He is a longtime diplomat known for being outspoken, once even the hero of a popular ballad. He is a former member of ousted President Hosni Mubarak’s regime, but is disliked by the military officers who run the country. And he is an old man trying to appeal to the young.
At 74, Amr Moussa may seem an unlikely standard-bearer for any youth movement, and some observers view him as having been too quiet about the need for political and economic reforms under Mubarak. But many still see him as a strong candidate to become the next president of Egypt.
“A lot of people in Egypt think of him as a possible consensus candidate,” said Ezzedin Choukri Fishere, a former Egyptian diplomat who is close to Moussa. “Even those who dislike him say he is the best of the worst.”
Moussa served as Egypt’s ambassador to India and the United Nations before being named foreign minister in 1991, a post he held for 10 years before becoming secretary-general of the Arab League. In that post he had an influential role in the Arab peace initiative with Israel in 2002 and in Iraq after the overthrow of Saddam Hussein, but less of a voice in Egypt.
He said last week, on the day Mubarak stepped down, that he planned to leave his job with the Arab League, many believe to start his campaign for the presidency.
During a visit to Cairo’s Tahrir Square before Mubarak resigned, Moussa reportedly said he was “available for my country.”
People who know him say Moussa is a populist and a “Nasserite,” a reference to former President Gamal Abdel Nasser, who imposed strict socialism on the Egyptian economy. His popularity is based on his blunt rejection of Israeli positions on Palestinians, which, according to Time magazine in 2001, sparked a popular song called “I hate Israel, but I love Amr Moussa.”
Some observers describe him as brilliant and charismatic even as they raise doubts about his potential for running the country.
“He is a friend of mine, but I will not vote for him,” said Abdel Moneim Said, the influential director of Al Ahram Center for Political and Strategic Studies, the country’s premier government think tank. “He was part of the regime for 10 years, and I never knew him to say anything about reform. It’s about time that a new generation takes over.”
Khaled Fahmy, chairman of the history department at the American University in Cairo, said Moussa’s age would work against him.
“I don’t think he would be a very viable candidate,” Fahmy said. “He is too old, and in the minds of the young, they don’t want any compromises. His popularity comes from another moment, that of an Egypt that didn’t yet have this confident voice that is gradually occurring.”
The new rules for presidential candidates in Egypt have not yet been set. Though the Egyptian military leaders — a council of officers whose names are not all known — have promised democratic elections, there is no constitution or election law.
Many here say it is too soon to tell whether the military, which has ruled Egypt since Nasser’s coup in 1952 and has huge economic investments, will allow Egyptians to vote freely.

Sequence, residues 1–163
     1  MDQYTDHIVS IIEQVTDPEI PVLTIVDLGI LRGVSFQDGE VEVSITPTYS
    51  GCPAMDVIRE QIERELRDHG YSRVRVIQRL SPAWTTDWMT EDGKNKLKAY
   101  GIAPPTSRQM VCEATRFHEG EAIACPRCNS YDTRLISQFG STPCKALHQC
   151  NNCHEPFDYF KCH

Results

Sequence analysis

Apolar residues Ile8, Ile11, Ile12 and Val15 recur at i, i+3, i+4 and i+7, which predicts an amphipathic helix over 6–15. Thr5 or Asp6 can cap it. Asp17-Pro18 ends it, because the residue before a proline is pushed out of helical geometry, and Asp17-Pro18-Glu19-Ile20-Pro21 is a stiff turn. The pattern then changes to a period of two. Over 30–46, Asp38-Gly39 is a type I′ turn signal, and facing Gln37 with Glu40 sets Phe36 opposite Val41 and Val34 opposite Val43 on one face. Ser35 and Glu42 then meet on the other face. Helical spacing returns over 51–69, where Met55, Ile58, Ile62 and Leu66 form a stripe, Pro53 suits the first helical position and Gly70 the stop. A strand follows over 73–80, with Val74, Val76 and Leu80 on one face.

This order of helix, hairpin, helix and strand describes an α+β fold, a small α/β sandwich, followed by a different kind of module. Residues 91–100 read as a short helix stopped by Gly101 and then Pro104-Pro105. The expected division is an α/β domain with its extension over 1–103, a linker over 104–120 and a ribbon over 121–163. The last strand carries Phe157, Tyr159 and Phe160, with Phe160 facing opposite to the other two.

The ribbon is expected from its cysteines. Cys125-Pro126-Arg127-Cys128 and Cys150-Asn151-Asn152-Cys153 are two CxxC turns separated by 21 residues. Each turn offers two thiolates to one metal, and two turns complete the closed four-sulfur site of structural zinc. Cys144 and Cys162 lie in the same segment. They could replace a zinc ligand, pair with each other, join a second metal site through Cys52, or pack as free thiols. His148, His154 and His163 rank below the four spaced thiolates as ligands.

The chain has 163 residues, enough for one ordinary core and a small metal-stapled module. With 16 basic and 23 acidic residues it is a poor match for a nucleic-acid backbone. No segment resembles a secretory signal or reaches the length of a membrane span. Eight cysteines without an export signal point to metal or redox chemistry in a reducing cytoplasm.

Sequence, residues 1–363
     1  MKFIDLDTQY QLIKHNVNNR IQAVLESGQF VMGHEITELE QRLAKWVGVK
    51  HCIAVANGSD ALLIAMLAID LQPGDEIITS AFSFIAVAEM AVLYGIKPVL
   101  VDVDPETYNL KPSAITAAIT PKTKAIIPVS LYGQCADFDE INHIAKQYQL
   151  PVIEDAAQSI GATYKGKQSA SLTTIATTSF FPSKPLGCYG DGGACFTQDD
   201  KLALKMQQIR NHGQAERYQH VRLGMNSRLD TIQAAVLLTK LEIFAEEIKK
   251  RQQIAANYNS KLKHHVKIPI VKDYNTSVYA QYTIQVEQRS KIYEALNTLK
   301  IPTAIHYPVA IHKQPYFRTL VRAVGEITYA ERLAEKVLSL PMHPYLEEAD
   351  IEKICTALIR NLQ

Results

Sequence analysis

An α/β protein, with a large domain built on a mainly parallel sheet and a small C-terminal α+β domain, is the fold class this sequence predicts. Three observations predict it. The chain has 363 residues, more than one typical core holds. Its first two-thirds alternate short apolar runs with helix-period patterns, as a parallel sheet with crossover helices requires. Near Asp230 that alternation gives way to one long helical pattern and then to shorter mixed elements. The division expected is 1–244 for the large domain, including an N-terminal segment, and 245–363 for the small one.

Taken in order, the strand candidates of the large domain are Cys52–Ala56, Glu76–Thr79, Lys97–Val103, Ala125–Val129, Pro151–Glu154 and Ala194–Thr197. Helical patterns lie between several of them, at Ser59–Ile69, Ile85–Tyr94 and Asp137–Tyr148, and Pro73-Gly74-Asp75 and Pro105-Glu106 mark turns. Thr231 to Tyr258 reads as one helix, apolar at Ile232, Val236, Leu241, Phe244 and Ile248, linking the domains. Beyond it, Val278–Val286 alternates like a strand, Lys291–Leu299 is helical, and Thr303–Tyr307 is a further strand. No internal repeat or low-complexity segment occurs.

The military has said it will hand over power within six months or whenever elections are completed, which some analysts said was a meaningful caveat. It expects to hold a referendum on election law changes in two months.
In a presidential straw poll of 350 people carried out in Egypt’s two largest cities during the recent popular uprisings, the Washington Institute for Near East Policy found that Moussa was supported by about 25%, compared with 17% for Mubarak Vice President Omar Suleiman, 3% for diplomat Mohamed ElBaradei and 1% for opposition leader Ayman Nour.
Illustrating the challenges before the military and any future president, Wednesday was another day of labor unrest in Egypt. About 24,000 workers at a giant government-owned textile factory in El Mahalla el Kubra were on strike, as were workers at the Suez Canal, municipal employees in Ismailia, workers at Cairo’s airport and a number of banks in Cairo and Alexandria. The actions came despite a call by the military to end labor unrest.
Fishere said the military officers who surrounded Mubarak see Moussa as a civilian and therefore a man from a different culture, a competitor who was too independent.
If there was any doubt of that Moussa confirmed his status as a competitor in 2009 when he told an Egyptian newspaper he was considering running for president in 2011, which could have pitted him against Mubarak or his son Gamal.
Though not at the forefront of the movement to end Mubarak’s regime — he vacillated as to whether the president should go immediately or hang on until September elections — he nevertheless appears to have considerably more name recognition and credibility on the street than ElBaradei or Nour, who ran against Mubarak in 2005 and was later jailed.
Others in the electoral mix could include the well-organized Muslim Brotherhood (though it says it will not field a presidential candidate), the youth movement, and the stew of tiny old-time opposition parties.
Edward S. Walker Jr., who worked closely with Moussa when Walker was U.S. ambassador to Egypt from 1994 to 1997, said “he established an independent base” of support and that “people like him because he is not seen as a pawn of the U.S.”
If not Moussa, and if not ElBaradei or Nour, it is difficult to imagine who could emerge. Suleiman is considered a nonstarter by many because of his closeness to Mubarak.
“I am looking for someone who lives in the current world,” said Said of Al Ahram Center, someone committed to a modern economy and human values. “In the next few months, this leader might appear.”